A research team dedicated to further the understanding of oil induced effects on fish and the potential for recovery



RECOVER TODAY



RECOVER (Relationships of Effects of Cardiac Outcomes in fish for Validation of Ecological Risk) is one of 12 research groups awarded grants totaling 140 million by the Gulf of Mexico Research Initiative (GoMRI) — a 20-member independent research board created to allocate the $500 million committed by BP for independent research programs following the April 20, 2010, Deepwater Horizon (DWH) oil spill.

The spill spanned 87 days during which approximately 4 million barrels of crude oil were released into the northern Gulf of Mexico; making it the largest marine oil spill in U.S. history.

RECOVER scientists are examining the detrimental effects of oil on two ecologically and economically important species of fish in the Gulf of Mexico: Mahi-mahi and Red drum.



RESEARCH

Concerningly, the DWH spill overlapped with the spawning events of many commercially and ecologically important fish species, including yellowfin tuna, bluefin tuna, mahi-mahi and other large pelagic or open-ocean fish. Not only were the breeding fish themselves exposed, but also their more sensitive and vulnerable offspring. Previous studies show that exposure to small fractions of oil at these early life stages lead to decreased and impaired heart function and swim performance. Oil concentrations found in coastal waters, while less than those in the open ocean, were still high enough to result in similar negative effects in other fish species.


The ultimate goals of RECOVER are to:


Examine the extent of negative effects caused by like concentrations of oil in mahi-mahi and red drum and the possibility for recovery

Provide insight into best practices for managing future spills

Determine outcomes on an ecosystem wide scale


To do this we will be using a multi-pronged approach:

1
Oil Toxicity and the Heart
Will the coastal red drum display similar negative cardiac effects to oil exposure as the pelagic mahi-mahi and will they be able to recover when transferred to non-contaminated conditions?
2
Gene Expression
Can the adverse effects of oil exposure seen in mahi-mahi and red drum be initially identified and predicted by gene expression analyses?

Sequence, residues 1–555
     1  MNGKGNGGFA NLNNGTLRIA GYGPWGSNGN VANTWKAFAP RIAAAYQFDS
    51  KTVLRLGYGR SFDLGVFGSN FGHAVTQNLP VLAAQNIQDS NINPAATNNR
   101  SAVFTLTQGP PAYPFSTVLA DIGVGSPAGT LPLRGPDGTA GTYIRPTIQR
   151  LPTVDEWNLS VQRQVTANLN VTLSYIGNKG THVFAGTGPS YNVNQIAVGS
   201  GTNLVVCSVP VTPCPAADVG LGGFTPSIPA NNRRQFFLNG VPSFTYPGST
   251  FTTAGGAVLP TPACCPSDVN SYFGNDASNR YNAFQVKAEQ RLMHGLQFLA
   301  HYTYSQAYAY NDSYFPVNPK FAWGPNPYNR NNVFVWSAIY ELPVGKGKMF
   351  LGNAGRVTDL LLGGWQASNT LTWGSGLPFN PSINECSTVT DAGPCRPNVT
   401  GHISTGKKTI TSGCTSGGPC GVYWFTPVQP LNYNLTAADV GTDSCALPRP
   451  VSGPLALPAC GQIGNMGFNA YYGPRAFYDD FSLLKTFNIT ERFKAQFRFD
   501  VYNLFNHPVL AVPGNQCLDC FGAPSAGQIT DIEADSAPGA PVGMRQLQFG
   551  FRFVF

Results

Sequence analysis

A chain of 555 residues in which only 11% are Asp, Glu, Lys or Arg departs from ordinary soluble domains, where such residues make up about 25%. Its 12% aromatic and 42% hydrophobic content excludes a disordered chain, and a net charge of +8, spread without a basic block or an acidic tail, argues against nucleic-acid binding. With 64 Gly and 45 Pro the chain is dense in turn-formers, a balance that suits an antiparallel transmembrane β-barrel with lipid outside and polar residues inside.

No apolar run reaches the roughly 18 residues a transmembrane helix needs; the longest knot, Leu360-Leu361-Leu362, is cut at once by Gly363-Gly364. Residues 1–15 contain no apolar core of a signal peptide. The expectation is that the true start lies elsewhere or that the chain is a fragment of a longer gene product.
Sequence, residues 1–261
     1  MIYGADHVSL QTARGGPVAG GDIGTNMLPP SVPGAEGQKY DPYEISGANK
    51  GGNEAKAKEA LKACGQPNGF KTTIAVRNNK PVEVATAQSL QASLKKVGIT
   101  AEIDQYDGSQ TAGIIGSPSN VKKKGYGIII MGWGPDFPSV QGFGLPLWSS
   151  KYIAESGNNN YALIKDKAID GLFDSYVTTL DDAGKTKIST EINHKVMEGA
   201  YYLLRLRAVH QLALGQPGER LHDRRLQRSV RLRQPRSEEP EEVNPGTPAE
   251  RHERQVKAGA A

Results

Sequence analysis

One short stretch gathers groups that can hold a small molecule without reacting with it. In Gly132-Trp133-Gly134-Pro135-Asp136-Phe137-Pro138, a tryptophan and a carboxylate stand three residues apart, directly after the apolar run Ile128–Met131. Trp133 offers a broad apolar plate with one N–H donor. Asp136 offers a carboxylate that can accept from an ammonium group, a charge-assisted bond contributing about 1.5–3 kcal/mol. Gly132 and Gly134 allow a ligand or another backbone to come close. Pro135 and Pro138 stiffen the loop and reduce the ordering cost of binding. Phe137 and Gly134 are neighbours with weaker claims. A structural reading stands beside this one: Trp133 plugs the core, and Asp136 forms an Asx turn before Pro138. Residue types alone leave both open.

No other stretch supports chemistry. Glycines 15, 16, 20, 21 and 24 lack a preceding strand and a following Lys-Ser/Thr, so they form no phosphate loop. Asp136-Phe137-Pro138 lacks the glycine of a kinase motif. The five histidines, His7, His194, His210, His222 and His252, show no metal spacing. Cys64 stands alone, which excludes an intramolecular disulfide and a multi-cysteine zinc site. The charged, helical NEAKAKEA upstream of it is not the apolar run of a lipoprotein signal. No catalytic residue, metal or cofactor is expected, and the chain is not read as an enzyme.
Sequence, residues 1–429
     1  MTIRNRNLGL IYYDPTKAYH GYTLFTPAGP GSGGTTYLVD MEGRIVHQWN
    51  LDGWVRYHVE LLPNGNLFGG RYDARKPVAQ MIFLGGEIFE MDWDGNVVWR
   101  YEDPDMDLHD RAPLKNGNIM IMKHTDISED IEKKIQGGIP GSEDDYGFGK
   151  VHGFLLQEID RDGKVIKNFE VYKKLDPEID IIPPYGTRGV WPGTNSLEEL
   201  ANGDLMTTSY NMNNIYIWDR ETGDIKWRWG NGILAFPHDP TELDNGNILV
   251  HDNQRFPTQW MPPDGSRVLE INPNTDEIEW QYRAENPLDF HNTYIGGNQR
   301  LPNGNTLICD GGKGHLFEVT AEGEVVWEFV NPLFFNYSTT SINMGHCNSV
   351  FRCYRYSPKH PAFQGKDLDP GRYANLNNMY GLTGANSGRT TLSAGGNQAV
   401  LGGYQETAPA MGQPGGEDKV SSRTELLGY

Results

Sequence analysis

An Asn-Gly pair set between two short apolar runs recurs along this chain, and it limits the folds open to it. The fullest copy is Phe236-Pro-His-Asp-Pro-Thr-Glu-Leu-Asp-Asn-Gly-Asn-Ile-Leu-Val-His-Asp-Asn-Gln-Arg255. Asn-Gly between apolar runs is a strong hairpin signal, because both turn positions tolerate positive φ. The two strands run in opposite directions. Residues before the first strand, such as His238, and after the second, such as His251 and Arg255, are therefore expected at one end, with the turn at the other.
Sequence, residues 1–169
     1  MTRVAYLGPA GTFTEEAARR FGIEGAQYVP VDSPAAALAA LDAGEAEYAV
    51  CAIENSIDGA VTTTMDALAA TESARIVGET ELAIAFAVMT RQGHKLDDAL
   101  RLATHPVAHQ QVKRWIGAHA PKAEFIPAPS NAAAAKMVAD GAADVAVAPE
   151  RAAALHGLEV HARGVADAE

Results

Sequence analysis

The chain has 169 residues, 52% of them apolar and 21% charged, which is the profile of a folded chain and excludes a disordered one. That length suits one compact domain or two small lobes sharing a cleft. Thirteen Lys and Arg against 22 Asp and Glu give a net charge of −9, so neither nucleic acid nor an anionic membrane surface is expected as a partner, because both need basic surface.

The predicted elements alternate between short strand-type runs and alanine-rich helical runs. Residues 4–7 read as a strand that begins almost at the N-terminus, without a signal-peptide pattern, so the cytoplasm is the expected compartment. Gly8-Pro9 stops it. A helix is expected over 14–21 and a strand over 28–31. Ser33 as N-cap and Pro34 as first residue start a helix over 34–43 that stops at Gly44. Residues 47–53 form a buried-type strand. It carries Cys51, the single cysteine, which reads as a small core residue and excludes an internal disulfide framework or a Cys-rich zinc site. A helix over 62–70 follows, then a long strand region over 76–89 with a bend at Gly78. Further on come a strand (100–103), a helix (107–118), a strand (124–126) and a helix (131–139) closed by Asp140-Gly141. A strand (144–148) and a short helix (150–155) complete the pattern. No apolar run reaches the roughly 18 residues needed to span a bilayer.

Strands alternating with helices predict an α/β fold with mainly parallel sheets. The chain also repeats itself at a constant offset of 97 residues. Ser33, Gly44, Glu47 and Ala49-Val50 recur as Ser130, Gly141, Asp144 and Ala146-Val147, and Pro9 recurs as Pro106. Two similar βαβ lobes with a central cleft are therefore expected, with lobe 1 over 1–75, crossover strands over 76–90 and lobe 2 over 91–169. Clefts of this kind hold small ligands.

3
Swimming Performance
Will fish exposed to oil have impairments in swim performance and if so, why?
4
UV Light’s Effect on Oil
Does co-exposure to oil and UV radiation amplify the negative effects of oil?
5
Predator/Prey Relationships
Will oil exposed fish be able to avoid predation as well as their non-exposed siblings and will they be as efficient predators themselves?


TEAM


Participating Institutions

The RECOVER consortium brings together the expertise and experience of marine biologists, aquatic toxicologists and geneticists from four research institutions.





EDUCATION

Hatchery Tours


The University of Miami Experimental Hatchery of the Rosenstiel School of Marine and Atmospheric Science is located on Virginia Key in Biscayne Bay approximately 1 mile southeast of downtown Miami, Florida. The Experimental Hatchery includes a number of culture areas, which give the facility the capability of concurrently supporting a wide variety of diverse research projects including the Gulf of Mexico Research Initiative (GoMRI) funded RECOVER consortium.

Contact Us

Virtual Learning

RECOVER is committed to outreach and education. We are hard at work creating exciting new learning modules for use at home and at schools. Check back soon for exciting learning opportunities.




MEDIA



News

Weathered Oil in Gulf of Mexico May Threaten Development of Fish Embryos and Larvae

infographic-UCRpaper

Polycyclic Aromatic Hydrocarbons (PAHs) in crude oil impairs development of the heart and eye and neurological function in early life stages of mahi-mahi

Read More

The RECOVER team headed down to Islamorada, FL to exhibit at the annual UM Sports Hall of Fame Celebrity Fishing Tournament

Read More

An Ocean Oil Spill Science Legacy There have been two large scale oil spills over the past 4 decades in the Gulf of Mexico. The Ixtoc I spill in 1979 off the coast of Carmen, Mexico released 3.5 million barrels of crude oil into the Gulf, and the Macondo wellhead blowout off the coast of […]

Read More